The personal and the political

On the magnetic board above my desk, I have a column written by Caitlin Moran at the end of 2013, about “beliefs”. (I’ll link it here, but it’s behind the Times paywall. Yes, I pay for it – I like the writers and as an aspiring writer myself*, I believe we should pay for content. Anyway, as you were.)

I re-read this column a lot – even though she’s written far more emotion-driven, evocative pieces, this is the one I go back to, time and time again. It’s a perfect example of a writer pointing out something that is so simple and obvious that when I first read it, I remember thinking “Oh God, yes! That is exactly the problem! How do we not see it?”

I’ll quote some of it for context, otherwise whatever I go on to say will make even less sense than usual:

‘But always, these revolutions – however many buildings burn, economies tank and people die during them – begin with a simple, ancient problem: two, or more, bunches of people who think they’re right, arguing it out. Heat and shouting. Tribal loyalties. Your vote inherited from your father and your father’s father (“We are of the left”; “The only way is right”). People bellowing, fists clenched, for decades at a time, over what they believe…’

‘The system is no different across so many countries: it’s basically people arguing that they’re right, against other people who also believe they’re right. This is how nations run things. On… feelings.’

…what we need to do is stop talking about our political feelings and beliefs, like teenage girls on a sleepover, and find out, once and for all, what actually works.’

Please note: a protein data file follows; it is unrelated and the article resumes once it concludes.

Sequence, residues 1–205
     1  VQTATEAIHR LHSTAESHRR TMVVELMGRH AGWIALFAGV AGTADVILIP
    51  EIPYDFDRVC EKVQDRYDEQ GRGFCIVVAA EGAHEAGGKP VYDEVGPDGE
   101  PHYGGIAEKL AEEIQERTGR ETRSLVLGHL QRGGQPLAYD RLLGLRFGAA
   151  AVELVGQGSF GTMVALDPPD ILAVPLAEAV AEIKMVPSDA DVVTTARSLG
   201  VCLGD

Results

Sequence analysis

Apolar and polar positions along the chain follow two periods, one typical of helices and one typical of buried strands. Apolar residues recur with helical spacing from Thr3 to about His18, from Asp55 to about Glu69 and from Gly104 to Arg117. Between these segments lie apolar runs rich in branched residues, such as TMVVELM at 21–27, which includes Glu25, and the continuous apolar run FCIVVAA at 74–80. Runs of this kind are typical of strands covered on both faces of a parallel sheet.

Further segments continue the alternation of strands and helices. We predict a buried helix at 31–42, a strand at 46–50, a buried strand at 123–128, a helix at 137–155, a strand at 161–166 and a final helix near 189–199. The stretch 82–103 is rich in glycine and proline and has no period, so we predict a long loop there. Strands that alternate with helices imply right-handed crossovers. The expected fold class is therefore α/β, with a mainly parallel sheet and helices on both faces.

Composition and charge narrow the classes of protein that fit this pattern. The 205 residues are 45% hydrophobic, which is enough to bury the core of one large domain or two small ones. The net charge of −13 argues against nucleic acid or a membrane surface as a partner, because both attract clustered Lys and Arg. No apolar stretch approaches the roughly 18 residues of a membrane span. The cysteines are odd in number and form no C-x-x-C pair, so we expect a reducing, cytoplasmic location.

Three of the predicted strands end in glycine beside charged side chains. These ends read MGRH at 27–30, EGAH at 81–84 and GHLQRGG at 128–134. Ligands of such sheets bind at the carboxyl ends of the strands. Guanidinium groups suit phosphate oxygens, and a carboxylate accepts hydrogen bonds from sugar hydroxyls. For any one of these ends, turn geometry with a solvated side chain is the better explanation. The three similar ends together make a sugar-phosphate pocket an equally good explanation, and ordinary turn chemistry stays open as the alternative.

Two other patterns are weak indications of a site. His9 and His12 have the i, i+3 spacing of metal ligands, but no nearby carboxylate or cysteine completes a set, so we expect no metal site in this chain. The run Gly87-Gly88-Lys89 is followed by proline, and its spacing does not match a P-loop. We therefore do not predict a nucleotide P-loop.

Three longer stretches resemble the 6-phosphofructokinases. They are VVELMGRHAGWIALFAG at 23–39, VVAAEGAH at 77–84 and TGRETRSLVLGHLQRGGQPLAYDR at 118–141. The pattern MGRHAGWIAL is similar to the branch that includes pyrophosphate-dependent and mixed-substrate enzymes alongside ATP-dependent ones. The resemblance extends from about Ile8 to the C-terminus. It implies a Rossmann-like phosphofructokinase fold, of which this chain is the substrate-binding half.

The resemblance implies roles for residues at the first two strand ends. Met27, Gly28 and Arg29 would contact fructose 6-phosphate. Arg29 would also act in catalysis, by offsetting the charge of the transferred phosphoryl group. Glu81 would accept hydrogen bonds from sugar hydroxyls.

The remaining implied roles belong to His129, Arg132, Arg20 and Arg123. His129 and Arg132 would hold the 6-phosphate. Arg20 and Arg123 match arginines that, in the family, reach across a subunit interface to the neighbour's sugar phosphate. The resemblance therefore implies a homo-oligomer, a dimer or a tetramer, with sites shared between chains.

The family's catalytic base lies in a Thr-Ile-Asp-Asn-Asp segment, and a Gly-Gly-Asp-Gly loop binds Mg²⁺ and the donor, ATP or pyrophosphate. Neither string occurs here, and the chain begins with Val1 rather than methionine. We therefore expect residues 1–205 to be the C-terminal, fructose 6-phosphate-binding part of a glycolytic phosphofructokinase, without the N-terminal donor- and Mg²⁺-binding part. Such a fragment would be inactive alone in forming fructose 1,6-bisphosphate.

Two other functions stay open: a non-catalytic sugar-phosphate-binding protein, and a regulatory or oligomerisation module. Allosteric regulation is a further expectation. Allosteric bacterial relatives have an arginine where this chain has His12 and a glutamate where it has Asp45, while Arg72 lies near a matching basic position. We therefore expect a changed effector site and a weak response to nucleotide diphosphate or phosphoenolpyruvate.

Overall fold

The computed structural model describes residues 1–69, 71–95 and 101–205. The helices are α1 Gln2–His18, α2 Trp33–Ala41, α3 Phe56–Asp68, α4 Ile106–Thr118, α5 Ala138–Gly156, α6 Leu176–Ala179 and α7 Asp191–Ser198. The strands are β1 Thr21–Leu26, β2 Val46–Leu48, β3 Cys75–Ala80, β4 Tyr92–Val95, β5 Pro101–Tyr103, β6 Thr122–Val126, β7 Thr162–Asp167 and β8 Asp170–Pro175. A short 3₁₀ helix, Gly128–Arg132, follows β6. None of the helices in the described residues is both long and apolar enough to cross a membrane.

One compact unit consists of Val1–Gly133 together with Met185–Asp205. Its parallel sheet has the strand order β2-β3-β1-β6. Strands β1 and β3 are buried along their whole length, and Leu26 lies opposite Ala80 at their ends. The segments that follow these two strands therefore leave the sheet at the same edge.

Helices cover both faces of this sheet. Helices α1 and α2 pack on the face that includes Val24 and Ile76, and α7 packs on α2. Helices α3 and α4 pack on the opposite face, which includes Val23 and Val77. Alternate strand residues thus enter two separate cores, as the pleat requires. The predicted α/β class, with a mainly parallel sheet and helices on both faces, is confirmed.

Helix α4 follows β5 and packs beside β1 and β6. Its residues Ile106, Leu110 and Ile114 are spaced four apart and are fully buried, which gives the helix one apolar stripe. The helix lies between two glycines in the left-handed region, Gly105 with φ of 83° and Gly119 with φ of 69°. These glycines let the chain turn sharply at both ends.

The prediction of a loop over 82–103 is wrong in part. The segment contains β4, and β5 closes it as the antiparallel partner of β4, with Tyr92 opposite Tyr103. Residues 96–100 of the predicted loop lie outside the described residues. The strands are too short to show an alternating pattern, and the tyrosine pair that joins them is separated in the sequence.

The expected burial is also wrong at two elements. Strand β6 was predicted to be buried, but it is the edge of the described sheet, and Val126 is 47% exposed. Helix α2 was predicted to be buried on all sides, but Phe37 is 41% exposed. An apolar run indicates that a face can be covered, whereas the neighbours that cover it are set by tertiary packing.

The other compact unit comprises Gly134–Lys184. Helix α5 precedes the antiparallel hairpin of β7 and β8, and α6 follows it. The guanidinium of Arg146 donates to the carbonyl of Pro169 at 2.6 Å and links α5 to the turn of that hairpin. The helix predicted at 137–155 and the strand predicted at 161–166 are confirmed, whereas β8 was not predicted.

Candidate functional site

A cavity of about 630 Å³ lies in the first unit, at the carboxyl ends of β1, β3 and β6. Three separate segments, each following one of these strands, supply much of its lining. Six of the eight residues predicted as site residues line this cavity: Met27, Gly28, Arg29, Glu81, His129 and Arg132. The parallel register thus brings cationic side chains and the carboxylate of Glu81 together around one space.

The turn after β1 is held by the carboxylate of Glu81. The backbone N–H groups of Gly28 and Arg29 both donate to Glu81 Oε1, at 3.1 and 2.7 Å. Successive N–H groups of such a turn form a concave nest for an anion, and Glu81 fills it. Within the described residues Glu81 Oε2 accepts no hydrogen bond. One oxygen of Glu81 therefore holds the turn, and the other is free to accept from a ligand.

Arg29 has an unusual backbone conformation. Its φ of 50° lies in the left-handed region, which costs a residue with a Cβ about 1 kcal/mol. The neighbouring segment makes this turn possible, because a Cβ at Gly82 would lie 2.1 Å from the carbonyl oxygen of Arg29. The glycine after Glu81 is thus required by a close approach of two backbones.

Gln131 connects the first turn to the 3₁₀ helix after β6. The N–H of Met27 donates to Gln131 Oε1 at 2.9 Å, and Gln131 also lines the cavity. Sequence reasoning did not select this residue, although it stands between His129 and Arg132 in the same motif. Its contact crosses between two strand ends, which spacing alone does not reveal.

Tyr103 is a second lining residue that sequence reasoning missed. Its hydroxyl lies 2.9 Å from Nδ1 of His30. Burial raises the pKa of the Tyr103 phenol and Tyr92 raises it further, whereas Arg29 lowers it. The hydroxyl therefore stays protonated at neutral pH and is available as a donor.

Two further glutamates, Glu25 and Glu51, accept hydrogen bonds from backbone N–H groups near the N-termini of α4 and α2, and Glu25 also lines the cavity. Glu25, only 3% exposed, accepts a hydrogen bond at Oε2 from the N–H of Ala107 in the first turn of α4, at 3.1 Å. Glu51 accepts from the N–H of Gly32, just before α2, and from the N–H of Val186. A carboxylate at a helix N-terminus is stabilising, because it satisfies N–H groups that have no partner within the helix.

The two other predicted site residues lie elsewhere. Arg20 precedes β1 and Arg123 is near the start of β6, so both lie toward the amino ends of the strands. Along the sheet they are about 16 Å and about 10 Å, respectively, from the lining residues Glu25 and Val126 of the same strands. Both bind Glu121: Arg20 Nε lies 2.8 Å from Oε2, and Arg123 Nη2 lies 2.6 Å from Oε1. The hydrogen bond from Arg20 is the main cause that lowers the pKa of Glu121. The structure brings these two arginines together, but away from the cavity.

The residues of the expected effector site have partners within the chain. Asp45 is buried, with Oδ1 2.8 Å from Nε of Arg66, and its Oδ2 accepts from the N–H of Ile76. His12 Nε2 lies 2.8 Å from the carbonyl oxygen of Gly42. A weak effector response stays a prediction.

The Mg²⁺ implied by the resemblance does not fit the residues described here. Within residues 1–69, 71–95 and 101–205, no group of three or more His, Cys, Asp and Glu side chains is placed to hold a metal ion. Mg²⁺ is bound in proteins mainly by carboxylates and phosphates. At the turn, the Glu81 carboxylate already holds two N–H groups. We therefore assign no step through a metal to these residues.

‘…we “buy” our prime ministers and presidents and chancellors with less research and care than we buy an iPhone… I know which smartphone operating systems are most likely to work. I do not know which systems of economy or education or healthcare are. No one does. We all still vote, however.’

I didn’t watch the leaders’ debate on Thursday, because I had tickets to see Dylan Moran and I knew exactly where I’d be on the receiving end of more wisdom. I did watch Coalition this week – the Channel 4 drama about the aftermath of the general election in 2010, and “drama” though it was, the main thing I took from it was “Jesus, how is it that in 2015, we are still relying on a small group of middle/upper-class white men in suits, who all know each other from school, to do the nation’s admin?”

How are we still at this point?! Is it not staggering that the last time we had a Chancellor of the Exchequer who’d actually studied Economics – which should surely be a minimum sodding requirement for that job – was in 1993? It’s just… odd.  Strange that we’ve not made it past party politics yet. Bizarre that the people who know the systems – education, healthcare, legal – and who’ve worked in them for years, are not the people running them. A committee of headteachers – with decades of combined experience behind them – running our education system seems a much better fit than a lawyer, or a journalist. A group of experienced GPs, surgeons, nurses and psychiatrists consulting on how to run the NHS must surely be a better idea than getting a man who once failed to export marmalade to Japan to do it. A team of economists – from different schools of economic thought – hashing out how best to balance the books must be better than anyone we’ve had for the last 20-something years.